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Humphrey
2004-Jan-22, 05:04 AM
If a nuclear war ever broke out on mars. Or some were released to help melt some ice caps. Would you have a nuclear winter or is there too little atmosphere to keep a cloud layer of the debris?

Sparks
2004-Jan-22, 08:51 AM
If a nuclear war ever broke out on mars. Or some were released to help melt some ice caps. Would you have a nuclear winter or is there too little atmosphere to keep a cloud layer of the debris?
I thought that the nuclear winter theory had seen some heavy criticism and was in effect debunked?

ktesibios
2004-Jan-22, 10:13 AM
IIRC, the idea of nuclear winter was based on modeling the effects of vast quantities of smoke and soot released into the atmosphere by the fires attending a massive thermonuclear exchange, not on debris released or kicked up by the bombs themselves.

There doesn't seem to be much flammable stuff on Mars, nor an atmosphere that would support combustion.

Irrespective of the validity of the theory, it wouldn't be easy to set up the initial conditions on Mars.

Swift
2004-Jan-22, 02:33 PM
On the flip side, I recall (don't remember where) an idea of terraforming Mars by smaking a bunch of comet cores or similar snowballs into Mars to dump a bunch of water on to it.

Stuart
2004-Jan-22, 03:16 PM
If a nuclear war ever broke out on mars. Or some were released to help melt some ice caps. Would you have a nuclear winter or is there too little atmosphere to keep a cloud layer of the debris?

My first reaction would be, are we sure Mars didn't get this way FROM a nuclear war?

The effects of a nuclear strike on Mars would depend almost entirely on the targeteering used. What was hit, how it was hit and sequence in which things were hit would mostly dominate.

Nuclear Winter isn't a problem. It isn't one on Earth and won't be one on Mars. I'd want to know a lot more about Martian conditions and ground structure before going further than that.

Amadeus
2004-Jan-22, 03:24 PM
On the flip side, I recall (don't remember where) an idea of terraforming Mars by smaking a bunch of comet cores or similar snowballs into Mars to dump a bunch of water on to it.

I think thats in the mars trilogy (blue mars I think)

Humphrey
2004-Jan-22, 10:30 PM
Thanks guys. :-)

Stuart:
Does a nuclear or hydrogen bomb work differently in space and on the relatively weak atmosphere of mars than on the surface of the earth? Meaning, does the atmosphere actually change the aspects of the bomb?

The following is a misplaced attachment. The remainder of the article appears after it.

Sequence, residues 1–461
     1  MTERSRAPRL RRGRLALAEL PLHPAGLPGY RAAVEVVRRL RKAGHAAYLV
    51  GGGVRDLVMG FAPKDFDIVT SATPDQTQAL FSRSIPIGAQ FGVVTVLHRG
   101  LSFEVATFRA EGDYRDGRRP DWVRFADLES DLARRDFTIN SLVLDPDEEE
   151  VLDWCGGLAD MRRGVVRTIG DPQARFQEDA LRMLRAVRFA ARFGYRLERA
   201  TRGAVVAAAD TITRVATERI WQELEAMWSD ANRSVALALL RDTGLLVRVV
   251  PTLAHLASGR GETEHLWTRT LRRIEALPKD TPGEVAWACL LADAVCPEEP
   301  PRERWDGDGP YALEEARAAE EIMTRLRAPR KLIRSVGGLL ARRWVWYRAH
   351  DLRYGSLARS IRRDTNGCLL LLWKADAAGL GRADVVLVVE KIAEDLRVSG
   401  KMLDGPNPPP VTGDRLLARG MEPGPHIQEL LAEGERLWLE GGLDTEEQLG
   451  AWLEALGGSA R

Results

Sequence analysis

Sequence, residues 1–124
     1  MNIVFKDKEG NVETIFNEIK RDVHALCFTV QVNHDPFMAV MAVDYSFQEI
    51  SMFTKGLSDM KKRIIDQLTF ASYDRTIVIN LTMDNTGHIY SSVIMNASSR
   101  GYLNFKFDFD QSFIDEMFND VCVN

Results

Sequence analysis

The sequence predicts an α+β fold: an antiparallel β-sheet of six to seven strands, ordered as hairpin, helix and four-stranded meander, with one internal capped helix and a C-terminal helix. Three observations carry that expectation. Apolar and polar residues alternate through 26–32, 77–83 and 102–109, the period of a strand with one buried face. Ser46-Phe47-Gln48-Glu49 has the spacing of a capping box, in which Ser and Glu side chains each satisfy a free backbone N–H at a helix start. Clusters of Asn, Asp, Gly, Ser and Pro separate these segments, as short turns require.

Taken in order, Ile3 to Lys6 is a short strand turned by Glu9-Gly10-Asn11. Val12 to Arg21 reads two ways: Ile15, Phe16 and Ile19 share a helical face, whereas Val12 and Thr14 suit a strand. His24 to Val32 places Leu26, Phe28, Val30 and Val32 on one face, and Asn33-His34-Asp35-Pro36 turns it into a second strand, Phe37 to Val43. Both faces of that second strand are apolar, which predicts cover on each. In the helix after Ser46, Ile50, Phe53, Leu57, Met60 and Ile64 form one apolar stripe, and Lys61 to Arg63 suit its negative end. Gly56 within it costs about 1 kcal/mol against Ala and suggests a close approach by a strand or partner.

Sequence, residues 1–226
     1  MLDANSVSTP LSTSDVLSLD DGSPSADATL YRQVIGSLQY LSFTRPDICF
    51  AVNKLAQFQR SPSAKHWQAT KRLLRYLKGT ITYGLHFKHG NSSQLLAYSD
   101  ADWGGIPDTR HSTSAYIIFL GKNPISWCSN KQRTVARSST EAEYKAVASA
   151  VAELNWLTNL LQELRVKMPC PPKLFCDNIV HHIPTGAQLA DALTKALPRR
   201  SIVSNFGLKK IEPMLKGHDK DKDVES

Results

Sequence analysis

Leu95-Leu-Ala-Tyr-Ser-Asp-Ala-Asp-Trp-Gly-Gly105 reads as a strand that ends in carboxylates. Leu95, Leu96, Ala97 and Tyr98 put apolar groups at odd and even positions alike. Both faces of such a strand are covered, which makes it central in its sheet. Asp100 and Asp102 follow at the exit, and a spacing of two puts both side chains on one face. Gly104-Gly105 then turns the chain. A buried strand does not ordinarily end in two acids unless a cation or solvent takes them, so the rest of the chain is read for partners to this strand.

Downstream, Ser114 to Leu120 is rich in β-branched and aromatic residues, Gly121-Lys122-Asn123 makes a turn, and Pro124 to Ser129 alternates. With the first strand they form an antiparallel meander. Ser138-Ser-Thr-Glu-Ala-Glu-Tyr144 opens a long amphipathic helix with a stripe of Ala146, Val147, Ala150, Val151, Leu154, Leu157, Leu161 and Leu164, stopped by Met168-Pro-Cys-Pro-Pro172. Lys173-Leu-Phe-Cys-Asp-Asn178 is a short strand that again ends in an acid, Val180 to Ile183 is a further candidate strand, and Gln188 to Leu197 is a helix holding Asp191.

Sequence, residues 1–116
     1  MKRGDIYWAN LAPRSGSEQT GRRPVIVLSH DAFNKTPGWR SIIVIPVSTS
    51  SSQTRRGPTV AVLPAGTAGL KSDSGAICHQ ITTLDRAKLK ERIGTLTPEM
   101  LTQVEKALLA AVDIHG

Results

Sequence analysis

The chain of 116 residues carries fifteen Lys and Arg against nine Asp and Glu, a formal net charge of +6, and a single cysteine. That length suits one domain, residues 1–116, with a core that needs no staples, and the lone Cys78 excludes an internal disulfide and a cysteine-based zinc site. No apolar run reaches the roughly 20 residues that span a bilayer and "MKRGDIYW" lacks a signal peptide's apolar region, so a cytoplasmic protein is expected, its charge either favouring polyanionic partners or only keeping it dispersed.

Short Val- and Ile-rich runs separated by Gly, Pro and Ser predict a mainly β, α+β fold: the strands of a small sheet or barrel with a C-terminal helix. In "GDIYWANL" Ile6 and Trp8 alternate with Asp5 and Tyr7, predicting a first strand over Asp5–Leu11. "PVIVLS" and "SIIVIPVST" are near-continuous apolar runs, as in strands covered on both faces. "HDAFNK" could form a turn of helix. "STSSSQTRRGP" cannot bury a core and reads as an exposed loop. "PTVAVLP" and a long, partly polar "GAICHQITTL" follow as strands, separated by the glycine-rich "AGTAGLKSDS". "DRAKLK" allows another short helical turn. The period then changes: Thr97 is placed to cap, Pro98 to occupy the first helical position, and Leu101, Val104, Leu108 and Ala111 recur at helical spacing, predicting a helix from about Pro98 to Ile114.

Oh by the way, welcome back stuart. :-)

Dancar
2004-Jan-22, 11:29 PM
If a nuclear war ever broke out on mars. Or some were released to help melt some ice caps. Would you have a nuclear winter or is there too little atmosphere to keep a cloud layer of the debris?

My first reaction would be, are we sure Mars didn't get this way FROM a nuclear war?


That's the premise of at least a few science fiction books, but I think you should find some evidence of past technological civilization on Mars, or at least signs of past nuclear explosions, before considering that as a theory.

Dancar

Sparks
2004-Jan-23, 12:03 AM
Does a nuclear or hydrogen bomb work differently in space and on the relatively weak atmosphere of mars than on the surface of the earth? Meaning, does the atmosphere actually change the aspects of the bomb?
You mean, apart from the shock wave damage effect?

Humphrey
2004-Jan-23, 02:34 AM
Does a nuclear or hydrogen bomb work differently in space and on the relatively weak atmosphere of mars than on the surface of the earth? Meaning, does the atmosphere actually change the aspects of the bomb?
You mean, apart from the shock wave damage effect?

In any details. I understand that there will be no shock wave in space. Nuthing to propegate the wave itself. But how about on mars with a very thin atmosphere?

[edited out a redundancy that made no sense]

Madcat
2004-Jan-23, 05:13 AM
There should be a little shockwave, shouldn't there? The bomb doesn't convert anywhere near 100% of its mass to energy.

Sparks
2004-Jan-23, 07:46 AM
There should be a little shockwave, shouldn't there? The bomb doesn't convert anywhere near 100% of its mass to energy.
No, that's shrapnel, not a shock wave. (Well, it's gaseous shrapnel :D )
A shockwave requires a disturbance in a medium.

ZaphodBeeblebrox
2004-Jan-23, 11:34 AM
There should be a little shockwave, shouldn't there? The bomb doesn't convert anywhere near 100% of its mass to energy.
No, that's shrapnel, not a shock wave. (Well, it's gaseous shrapnel :D )
A shockwave requires a disturbance in a medium.

"There's a Great Disturbance in The Force!"

Sorry, that just had to be said.

At any rate, Stuart is definitely the guy to Inquire about this, maybe he'll Enlighten us, when he gets back.